1. Don't buy a blue star! Mine was delivered factory dropped. The box was fine but the stove had a great big dent. Blue star replaced the panel but then the burners kept sparking at random times when it wasn't turned on. Even though I complained I had to pay for the repairman to replace the ignitors. Then my stove started arcing, ( throwing huge sparks onto my kitchen floor) When I called the company Pete Bloodgood actually had the nerve to ask, 'What makes you think that is dangerous?" It turned out that there was a factory recall because my stove was wired incorrectly and yes, I had to pay for the repairman for that one too. To this day I cannot light all four burners at once. I would rip this stove out if I could afford to!

                                                  1 Reply
                                                  1. re: Gable610

                                                    Hi Gable,

                                                    I'm really sorry to hear about your troubles with your stove. And with all due respect, why did you accept delivery on a piece of equipment that had been dropped during delivery?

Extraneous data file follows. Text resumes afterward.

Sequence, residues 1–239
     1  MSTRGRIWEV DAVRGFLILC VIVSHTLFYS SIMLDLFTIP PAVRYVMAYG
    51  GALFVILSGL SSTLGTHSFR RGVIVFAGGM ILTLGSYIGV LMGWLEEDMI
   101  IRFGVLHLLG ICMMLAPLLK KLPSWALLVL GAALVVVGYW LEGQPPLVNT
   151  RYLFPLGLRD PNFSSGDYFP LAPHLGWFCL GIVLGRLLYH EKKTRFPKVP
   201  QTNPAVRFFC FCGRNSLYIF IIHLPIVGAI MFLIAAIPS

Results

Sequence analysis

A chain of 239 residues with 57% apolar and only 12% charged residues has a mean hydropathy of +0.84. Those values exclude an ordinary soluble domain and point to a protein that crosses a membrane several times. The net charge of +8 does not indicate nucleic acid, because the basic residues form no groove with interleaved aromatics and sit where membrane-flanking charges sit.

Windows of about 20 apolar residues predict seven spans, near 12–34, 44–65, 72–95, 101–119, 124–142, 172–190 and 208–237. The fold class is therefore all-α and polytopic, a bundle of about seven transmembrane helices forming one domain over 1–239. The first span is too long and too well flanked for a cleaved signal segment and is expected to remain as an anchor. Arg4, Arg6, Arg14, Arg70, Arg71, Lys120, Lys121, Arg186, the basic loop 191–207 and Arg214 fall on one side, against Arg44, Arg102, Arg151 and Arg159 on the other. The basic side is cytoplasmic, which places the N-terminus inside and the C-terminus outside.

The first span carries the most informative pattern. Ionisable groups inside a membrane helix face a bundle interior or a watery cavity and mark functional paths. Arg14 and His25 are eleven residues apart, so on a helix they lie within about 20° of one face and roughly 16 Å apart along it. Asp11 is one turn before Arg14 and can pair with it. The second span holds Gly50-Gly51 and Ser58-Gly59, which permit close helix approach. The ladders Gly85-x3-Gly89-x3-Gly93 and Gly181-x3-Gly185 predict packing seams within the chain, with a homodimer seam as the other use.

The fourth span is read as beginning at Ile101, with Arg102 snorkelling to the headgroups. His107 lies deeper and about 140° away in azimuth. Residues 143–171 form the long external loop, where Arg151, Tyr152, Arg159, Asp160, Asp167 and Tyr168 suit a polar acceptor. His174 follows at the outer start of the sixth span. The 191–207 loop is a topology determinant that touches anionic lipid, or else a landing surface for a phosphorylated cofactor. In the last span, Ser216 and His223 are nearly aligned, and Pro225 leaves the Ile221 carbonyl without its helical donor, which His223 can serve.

2. I have owned a 36 inch Blue Star for approximately a year and a half. I would rate it a 10 on a scale of 1 to 10. The 22,000 BTU burners are AMAZING in term of boiling times. The standard burners provide perfect, even heat for most chores and the little simmer burner is a winner (Tip: I sometimes move another burner top to the simmer burner, thus providing a perfect diffuser). The oven is large enough to fit commercial sized cookie sheets, and it is bang on accurate according to my oven thermometer. The controls are solid and precise. And the BURNER is killer. I've never been able to develop sear marks indoors before . . . It's damn close to cooking with charcoal outdoors.

                                                    Also, in the reliability department, A+++. Just no problems at all.

                                                    I've cooked on various home stoves, and also in a commercial kitchen. I truly never imagined that a stove could perform this beautifully.

                                                    I also think it looks really great . . . Just like a true commercial stove.

                                                    Finally, since I am giving it such an unqualified thumbs up, I should make it clear that I have no connection with the Blue Star company whatever. Just a satisfied customer. I recommend the Blue Star to any home cook who wants top cooking performance at a professional level.